In this iceberg metaphor, the part of the iceberg which is ‘below the water,’ shapes popular understanding of the Deep Web. As we all know, visual language, symbols and metaphors help us to describe, classify, and understand the world around us; they are crutches for our mind. Images are often more powerful and influential than the things they represent, think of the cloud or the envelope and trash can icon in your (web) mail. Images are crucial vehicles of meaning making and production. In turn, the image of the iceberg gives shape to the Surface Web, and affects how the Deep Web comes to mind. For many, the Deep Web seems inaccessible to ordinary internet users – a members-only club of tech savvy geeks, hackers and fishy figures.

Have you ever sent an email through webmail? Have you ever paid your share of a dinner bill to a friend via online banking? Watched a movie on Netflix? Read an article on a password-protected website? Unwittingly, many of us use the Deep Web on a regular basis.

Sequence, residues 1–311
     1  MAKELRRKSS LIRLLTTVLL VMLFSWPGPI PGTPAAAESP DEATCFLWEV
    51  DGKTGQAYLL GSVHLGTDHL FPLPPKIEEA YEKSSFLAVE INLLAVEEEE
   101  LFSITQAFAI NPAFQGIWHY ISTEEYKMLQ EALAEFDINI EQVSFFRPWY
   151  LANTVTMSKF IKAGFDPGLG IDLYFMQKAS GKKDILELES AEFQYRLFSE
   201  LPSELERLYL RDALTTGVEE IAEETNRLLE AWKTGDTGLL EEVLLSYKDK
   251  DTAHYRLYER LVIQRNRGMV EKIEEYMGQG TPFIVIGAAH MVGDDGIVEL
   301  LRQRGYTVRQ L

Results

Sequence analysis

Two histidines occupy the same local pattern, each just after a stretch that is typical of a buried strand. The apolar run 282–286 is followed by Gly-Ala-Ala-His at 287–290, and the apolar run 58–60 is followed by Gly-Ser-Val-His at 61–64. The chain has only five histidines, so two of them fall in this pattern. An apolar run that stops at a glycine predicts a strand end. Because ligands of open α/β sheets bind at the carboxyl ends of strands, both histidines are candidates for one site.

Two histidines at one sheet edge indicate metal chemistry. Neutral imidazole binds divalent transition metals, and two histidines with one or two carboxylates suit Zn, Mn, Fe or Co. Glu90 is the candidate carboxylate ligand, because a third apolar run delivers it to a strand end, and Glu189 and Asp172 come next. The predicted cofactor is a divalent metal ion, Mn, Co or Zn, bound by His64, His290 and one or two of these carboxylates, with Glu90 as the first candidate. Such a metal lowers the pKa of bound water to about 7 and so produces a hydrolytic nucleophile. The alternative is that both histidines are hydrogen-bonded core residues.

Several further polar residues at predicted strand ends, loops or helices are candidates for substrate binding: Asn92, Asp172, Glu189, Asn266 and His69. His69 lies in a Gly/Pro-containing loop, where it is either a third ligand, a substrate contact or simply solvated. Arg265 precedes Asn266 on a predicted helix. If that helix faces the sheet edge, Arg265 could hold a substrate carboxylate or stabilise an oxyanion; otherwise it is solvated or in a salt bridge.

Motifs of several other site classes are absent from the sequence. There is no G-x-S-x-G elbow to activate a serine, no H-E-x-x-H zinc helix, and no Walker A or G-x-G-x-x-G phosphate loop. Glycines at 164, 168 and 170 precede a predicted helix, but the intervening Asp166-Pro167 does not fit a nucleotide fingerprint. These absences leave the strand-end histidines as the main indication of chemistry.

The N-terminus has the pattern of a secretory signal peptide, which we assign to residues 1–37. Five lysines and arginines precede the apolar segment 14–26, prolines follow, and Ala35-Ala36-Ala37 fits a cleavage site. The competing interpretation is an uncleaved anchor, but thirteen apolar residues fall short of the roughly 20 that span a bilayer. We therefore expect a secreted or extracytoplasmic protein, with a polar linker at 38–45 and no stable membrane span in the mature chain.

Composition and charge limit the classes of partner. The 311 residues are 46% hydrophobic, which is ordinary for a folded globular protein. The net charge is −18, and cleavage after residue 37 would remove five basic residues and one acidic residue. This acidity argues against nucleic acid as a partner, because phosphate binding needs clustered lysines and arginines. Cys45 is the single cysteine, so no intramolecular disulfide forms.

How can we begin to understand the structures that facilitate all of these every-day actions? What visual interpretations shine a light on the deep waters to reveal a more nuanced picture than that of the iceberg? This exhibition dives into these lesser-known parts of the web in order to resurface with a trove of imaginaries and metaphors. Let’s decrypt the ‘deep’, enter its seemingly panic-room locked doors, explore its corridors, let light pour in and stale air escape.

This exhibition, organised by the the Institute of Network Cultures and NeMe is a result of an open call to artists, designers, researchers and visionaries who are creating new images of the Deep Web.

Credits

Exhibition coordinator: Inte Gloerich